Liquid-Proof-of-Stake (LPoS) is a type of consensus mechanism for adding new blocks of transactions to a blockchain that allows holders of a cryptocurrency to lend their validation rights to other users without relinquishing ownership of their tokens. This results in a high degree of flexibility of network participation.


NFT metadata is data describing the characteristics defining an NFT, i.e., what an NFT actually is. Metadata for an NFT contains description of the digital file, its name, properties and link to where the digital file is stored.


The most used software wallet on the Ethereum blockchain. MetaMask is also for accessing decentralized apps and thus a gateway to NFT marketplaces.


A collection of realities that includes the real world or an alternate reality and a series of other worlds around which a community unites. Events, objects and identities can both exist and be modified in multiple worlds in a metaverse.


The actual creation of an NFT, when the digital file, metadata and code is immortalized by being converted into an NFT on the blockchain. By minting an NFT, the digital file becomes part of the blockchain where it can then be sold and bought.


A node is an entity that participates in a network by following a network protocol. Individual nodes can perform a variety of roles on a blockchain network, such as storing data, validating information, or relaying messages to other nodes. Depending on the network, each node may have a unique role or multiple nodes may share the same role. Nodes keep a blockchain running.


If NFTs are on-chain, they exist entirely on the blockchain. The digital file, metadata and code is stored on the blockchain. This means that all NFT data is permanently registered on the blockchain.

On-chain can also refer to the governance of a blockchain, which means that the rules for implementing changes are encoded in the blockchain's protocol.

Open edition

NFT drop with no fixed number of editions, which allows collectors to buy that NFT during a certain period (usually within 24, 48 or 72 hours). Open editions can also take place without a time limit.

Peer-to-Peer (P2P)

Interaction and collaboration between participants in a shared project or activity characterized by network-based organizational structures and shared resources.

Play-to-Earn (P2E)

In P2E games, players can earn real money or assets through in-game activities, usually by acquiring and trading NFTs and tokens. In-game NFTs can be used to represent in-game items, such as weapons, characters, virtual land, etc. P2E enables players to earn money through their in-game activities, instead of just spending money.

Proof-of-Stake (PoS)

Proof-of-Stake is a type of consensus mechanism used to validate and add new transactions to a blockchain. With this system, holderrs of a cryptocurrency can deposit their cryptocurrency, which gives them the right to verify new blocks of transactions and add them to the blockchain and thus receive rewards.

Proof-of-Work (PoW)

Proof-of-Work is a type of consensus mechanism uaws to add new blocks of transactions to a blockchain. The work that miners do generates a hash (a long string of characters) that verifies transactions. The miner who does this first wins the right to add that block to the blockchain and thus receive a reward.


Revenues that can be earned by NFT creators when their NFTs are traded on the secondary market. The majority of NFT marketplaces automatically pay out royalties every time an NFT is sold, which allows creators to get paid for their works each time they are sold, which thus has the potential to completely change way creators can work.

Rug pull

When a project is created to solely generate sales and royalty income from the trading on the secondary market, for a period before the creators completely abandon the project.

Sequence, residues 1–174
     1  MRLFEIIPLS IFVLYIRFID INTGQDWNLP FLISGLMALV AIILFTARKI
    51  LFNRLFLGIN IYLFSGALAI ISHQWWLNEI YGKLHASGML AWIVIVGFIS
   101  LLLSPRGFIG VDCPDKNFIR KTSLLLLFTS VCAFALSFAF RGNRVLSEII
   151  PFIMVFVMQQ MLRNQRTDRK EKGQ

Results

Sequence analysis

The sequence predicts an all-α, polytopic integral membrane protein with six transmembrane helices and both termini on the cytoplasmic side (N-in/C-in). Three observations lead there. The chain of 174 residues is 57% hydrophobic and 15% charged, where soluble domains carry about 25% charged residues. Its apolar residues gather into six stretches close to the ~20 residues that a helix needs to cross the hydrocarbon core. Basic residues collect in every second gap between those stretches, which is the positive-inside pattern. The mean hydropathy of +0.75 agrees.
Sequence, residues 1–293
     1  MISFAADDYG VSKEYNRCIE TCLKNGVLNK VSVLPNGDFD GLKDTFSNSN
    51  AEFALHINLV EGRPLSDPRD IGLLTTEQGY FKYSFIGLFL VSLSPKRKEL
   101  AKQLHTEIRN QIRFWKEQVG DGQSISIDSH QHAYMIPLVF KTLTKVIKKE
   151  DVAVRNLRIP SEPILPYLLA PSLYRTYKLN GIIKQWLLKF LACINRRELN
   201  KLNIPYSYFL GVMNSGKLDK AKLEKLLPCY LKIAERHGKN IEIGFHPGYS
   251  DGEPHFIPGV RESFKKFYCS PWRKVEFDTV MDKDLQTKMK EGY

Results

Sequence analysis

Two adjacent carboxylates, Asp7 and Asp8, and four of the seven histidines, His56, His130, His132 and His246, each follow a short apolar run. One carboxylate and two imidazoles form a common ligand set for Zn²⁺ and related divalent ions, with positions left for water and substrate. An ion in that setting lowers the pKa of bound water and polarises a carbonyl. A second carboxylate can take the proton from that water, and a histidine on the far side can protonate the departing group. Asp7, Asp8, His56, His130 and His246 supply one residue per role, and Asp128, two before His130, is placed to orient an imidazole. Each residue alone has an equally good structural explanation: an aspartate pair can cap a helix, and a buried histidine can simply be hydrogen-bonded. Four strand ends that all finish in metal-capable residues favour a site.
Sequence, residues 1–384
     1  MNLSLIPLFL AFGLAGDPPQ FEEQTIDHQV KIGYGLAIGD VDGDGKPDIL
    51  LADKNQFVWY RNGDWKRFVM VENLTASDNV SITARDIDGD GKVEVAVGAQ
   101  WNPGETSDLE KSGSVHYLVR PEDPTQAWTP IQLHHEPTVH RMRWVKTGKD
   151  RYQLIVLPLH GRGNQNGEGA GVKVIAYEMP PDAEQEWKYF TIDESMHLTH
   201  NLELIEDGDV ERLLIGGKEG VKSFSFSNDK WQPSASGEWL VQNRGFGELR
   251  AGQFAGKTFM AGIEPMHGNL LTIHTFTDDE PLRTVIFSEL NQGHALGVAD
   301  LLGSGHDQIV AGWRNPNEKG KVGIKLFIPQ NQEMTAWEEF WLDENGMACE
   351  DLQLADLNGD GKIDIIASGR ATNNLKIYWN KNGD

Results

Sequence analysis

Satoshi Nakamoto

The unknown creator of Bitcoin.

Smart contract

A smart contract is a script that, when called with a request, can automatically perform actions or calculations given that specific conditions are met. Everything from sending notifications to making payments can be handled on a smart contract. The parties on both sides of the contract can be assured of safe execution as the contract does not rely on any intermediaries, only code.


A programming language used to write smart contracts on the Ethereum blockchain.


The process of actively participating in transaction validation on a blockchain. Rewards are distributed by the network in proportion to each validator's stake.


Trustless refers to users not needing permission to use the blockchain, its decentralized applications or associated systems.


Permissionless refers to the fact that you do not need to trust a third party: a bank, an individual or any intermediary to use the blockchain.


The process of converting something of value into a digital unit (token) that is usable in an application on the blockchain.


Tokens are units of value used to transfer and store value on a blockchain. Tokens can be fungible or non-fungible (NFT). Many fungible tokens are used to carry out transactions or provide the holder utility, e.g., to participate in governance and maintenance of a blockchain. Non-fungible tokens are instead used to store and represent digital assets.

Utility token

In the NFT world, 'utility tokens' are NFTs that are designed to give you as the holder specific utility and benefits. The creator of a utility token has stated that these give holders privileges, rights and rewards that they would not otherwise be able to access from that particular creator.

The difference compared to other NFTs is that utility tokens will explicitly give you some benefit in the future.


The third generation of internet owned and operated by developers and users and underpinned by tokens. Blockchains, cryptocurrencies and NFTs are used to give users opportunities for participation and ownership of the resources they themselves build and use.


Wrapped Ether (WETH) is a form of ETH wrapped in a smart contract which can be used on platforms and decentralized applications (dApps) that support the ERC-20 token standard. WETH is used, among other things, to bid on NFTs and participate in auctions. 1 WETH = 1 ETH and can easily be converted back and forth.


If your wallet address is on a whitelist for an upcoming NFT project, you have the opportunity to buy an NFT from the collection at launch.